Summary:

Index Ventures made its name as Europe’s most aggressive venture capital firm — backing Skype, Playfish and others. We caught up with partner Ben Holmes to find out whether the company is preparing for a bubble by opening its first office in the U.S.

Ben Holmes, Index Ventures

Ben Holmes, Index VenturesEntrepreneurs in Europe have long complained about the lack of a vibrant venture capital industry —something many feel holds businesses from the old world back. But while it’s certainly true the continent doesn’t boast an equivalent to valley royalty like Kleiner Perkins or Sequoia, it does have its stars.

Chief among them is Index Ventures, the London-and-Geneva based outfit that has scored a sequence of significant victories, primarily from selling young, disruptive European companies to large American rivals — deals like Skype to eBay, MySQL to Sun, Last.fm to CBS and Playfish to Electronic Arts.

And recently the business had some news all of its own: it is planning to open its first office in the U.S. this fall.

A couple of days ago I caught up with Ben Holmes, a partner who has been with Index since 2002 and works across a number of games, e-commerce and new media investments.

We discussed a variety of topics, but I had to ask whether, for an ambitious firm, stretching into Silicon Valley was a move that seems past due.

“I think that’s the best way of phrasing it,” says Holmes. “We’ve always wanted to do occasional deals in the U.S. where it’s a sector or an entrepreneur that we feel we know particularly well, and we’ve always wanted to help our companies out in the U.S.”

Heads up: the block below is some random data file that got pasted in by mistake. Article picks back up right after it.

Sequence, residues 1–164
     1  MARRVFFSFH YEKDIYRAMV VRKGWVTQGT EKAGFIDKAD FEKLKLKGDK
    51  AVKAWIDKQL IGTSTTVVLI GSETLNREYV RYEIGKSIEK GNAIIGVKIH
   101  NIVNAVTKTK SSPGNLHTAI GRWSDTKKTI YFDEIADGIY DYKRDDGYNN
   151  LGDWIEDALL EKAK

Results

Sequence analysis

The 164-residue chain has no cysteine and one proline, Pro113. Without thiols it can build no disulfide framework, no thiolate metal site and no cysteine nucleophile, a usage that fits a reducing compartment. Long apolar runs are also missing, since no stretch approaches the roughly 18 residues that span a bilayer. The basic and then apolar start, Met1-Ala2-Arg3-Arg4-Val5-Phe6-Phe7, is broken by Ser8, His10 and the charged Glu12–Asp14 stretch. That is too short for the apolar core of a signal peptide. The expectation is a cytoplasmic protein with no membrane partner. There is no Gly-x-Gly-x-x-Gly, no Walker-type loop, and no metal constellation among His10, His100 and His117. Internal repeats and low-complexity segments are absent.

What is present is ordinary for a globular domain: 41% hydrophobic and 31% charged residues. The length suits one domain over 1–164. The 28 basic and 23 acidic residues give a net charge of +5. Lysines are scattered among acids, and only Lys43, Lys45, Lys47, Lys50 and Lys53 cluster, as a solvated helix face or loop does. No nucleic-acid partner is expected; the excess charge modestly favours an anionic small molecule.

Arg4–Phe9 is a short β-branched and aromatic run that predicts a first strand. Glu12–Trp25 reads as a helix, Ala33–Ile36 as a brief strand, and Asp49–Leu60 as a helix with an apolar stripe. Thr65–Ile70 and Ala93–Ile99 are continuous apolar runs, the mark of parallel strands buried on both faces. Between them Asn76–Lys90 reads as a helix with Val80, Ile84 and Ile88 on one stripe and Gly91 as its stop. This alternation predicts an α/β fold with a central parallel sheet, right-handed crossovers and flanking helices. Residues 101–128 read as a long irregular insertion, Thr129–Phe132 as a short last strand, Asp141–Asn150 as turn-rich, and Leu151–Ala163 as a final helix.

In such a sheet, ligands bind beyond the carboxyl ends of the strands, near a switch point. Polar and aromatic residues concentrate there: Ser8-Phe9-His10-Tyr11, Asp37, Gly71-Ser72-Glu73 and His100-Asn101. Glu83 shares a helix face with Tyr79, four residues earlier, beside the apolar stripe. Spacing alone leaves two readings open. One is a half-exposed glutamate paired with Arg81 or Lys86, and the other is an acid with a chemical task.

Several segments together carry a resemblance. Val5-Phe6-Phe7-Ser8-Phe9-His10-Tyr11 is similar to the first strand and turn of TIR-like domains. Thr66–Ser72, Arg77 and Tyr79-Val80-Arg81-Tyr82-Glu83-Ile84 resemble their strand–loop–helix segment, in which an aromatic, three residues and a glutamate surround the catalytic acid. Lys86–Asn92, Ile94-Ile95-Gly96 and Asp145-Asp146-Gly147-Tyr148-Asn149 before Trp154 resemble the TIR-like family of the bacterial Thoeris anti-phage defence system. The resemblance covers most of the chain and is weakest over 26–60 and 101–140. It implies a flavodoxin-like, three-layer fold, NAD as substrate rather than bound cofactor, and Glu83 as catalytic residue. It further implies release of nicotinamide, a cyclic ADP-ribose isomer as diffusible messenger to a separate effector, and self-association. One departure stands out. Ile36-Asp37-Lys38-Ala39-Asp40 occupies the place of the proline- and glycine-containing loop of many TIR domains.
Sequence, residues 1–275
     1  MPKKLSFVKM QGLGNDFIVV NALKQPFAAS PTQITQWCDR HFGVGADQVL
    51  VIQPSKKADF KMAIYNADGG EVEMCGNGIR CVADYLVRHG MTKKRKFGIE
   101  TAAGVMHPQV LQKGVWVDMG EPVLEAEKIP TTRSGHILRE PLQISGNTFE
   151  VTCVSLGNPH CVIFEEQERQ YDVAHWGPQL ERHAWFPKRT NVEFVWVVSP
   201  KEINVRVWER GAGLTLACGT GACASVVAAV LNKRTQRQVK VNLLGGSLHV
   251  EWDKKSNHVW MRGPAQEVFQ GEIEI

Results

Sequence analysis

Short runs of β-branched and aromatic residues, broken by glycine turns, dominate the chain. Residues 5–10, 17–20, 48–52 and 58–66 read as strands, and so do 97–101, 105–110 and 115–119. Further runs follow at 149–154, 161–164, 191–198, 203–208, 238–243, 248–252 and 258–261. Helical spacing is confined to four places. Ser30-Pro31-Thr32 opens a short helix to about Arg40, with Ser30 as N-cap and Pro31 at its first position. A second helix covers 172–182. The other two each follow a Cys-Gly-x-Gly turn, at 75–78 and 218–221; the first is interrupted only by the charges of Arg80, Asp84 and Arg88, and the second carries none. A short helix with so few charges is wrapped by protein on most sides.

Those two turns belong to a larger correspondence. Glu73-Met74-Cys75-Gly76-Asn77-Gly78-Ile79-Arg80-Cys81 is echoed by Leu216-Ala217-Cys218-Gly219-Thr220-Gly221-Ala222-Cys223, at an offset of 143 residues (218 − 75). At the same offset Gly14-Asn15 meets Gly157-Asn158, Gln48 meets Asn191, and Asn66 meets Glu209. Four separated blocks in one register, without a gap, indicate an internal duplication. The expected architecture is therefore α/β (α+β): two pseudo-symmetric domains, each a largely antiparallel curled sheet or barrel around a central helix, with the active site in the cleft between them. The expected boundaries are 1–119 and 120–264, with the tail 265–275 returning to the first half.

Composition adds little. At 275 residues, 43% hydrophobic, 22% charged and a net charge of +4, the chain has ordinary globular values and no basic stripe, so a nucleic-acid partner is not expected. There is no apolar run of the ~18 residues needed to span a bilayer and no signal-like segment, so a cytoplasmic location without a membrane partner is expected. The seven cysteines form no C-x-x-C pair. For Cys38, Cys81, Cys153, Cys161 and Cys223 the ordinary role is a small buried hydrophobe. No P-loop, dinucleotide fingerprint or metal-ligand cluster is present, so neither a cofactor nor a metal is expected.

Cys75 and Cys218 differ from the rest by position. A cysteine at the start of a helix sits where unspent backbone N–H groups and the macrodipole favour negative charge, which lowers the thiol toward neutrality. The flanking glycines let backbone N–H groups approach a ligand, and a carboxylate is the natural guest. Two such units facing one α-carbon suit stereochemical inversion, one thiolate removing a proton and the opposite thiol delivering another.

The firm has known for a long time that it wanted an American base, he says, but wouldn’t rush into anything.

“The reason it’s taken a long time is because we’ve been trying to formulate how we’re going to do it,” he says. “The history of VC businesses expanding globally has probably had more failures than successes. Mike Volpi joined us and has been a partner for two years now, [and]  Danny Rimer [brother of Neil, the company's founder, and a Canadian-Belgian with strong links in the Valley] has been at the company for nine years. They are two of our most impactful partners and we’re sending them to the U.S. to make a beachhead there. But we’re not raising a separate fund for the U.S., and the type of deals won’t change. We’ll be acting as one partnership.”

The movement, he suggests, reflects something of the way that gravity has shifted away from the biggest European technology companies — most particularly in mobile.